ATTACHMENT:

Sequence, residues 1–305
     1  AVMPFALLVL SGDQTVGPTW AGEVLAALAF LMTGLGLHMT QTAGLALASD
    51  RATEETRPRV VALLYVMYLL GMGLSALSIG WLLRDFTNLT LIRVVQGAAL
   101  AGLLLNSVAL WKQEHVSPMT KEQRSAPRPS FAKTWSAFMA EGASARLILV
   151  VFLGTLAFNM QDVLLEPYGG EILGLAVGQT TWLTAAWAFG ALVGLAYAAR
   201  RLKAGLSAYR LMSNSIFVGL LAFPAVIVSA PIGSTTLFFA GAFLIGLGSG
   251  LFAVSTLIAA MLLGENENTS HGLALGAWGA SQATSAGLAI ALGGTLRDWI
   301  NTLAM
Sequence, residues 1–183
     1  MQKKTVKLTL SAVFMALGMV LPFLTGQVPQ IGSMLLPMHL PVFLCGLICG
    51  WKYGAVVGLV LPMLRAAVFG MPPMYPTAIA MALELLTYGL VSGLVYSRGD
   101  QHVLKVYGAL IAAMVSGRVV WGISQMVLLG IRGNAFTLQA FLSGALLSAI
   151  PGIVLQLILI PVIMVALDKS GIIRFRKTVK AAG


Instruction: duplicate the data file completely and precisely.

Sequence, residues 1–305
     1  AVMPFALLVL SGDQTVGPTW AGEVLAALAF LMTGLGLHMT QTAGLALASD
    51  RATEETRPRV VALLYVMYLL GMGLSALSIG WLLRDFTNLT LIRVVQGAAL
   101  AGLLLNSVAL WKQEHVSPMT KEQRSAPRPS FAKTWSAFMA EGASARLILV
   151  VFLGTLAFNM QDVLLEPYGG EILGLAVGQT TWLTAAWAFG ALVGLAYAAR
   201  RLKAGLSAYR LMSNSIFVGL LAFPAVIVSA PIGSTTLFFA GAFLIGLGSG
   251  LFAVSTLIAA MLLGENENTS HGLALGAWGA SQATSAGLAI ALGGTLRDWI
   301  NTLAM
Sequence, residues 1–183
     1  MQKKTVKLTL SAVFMALGMV LPFLTGQVPQ IGSMLLPMHL PVFLCGLICG
    51  WKYGAVVGLV LPMLRAAVFG MPPMYPTAIA MALELLTYGL VSGLVYSRGD
   101  QHVLKVYGAL IAAMVSGRVV WGISQMVLLG IRGNAFTLQA FLSGALLSAI
   151  PGIVLQLILI PVIMVALDKS GIIRFRKTVK AAG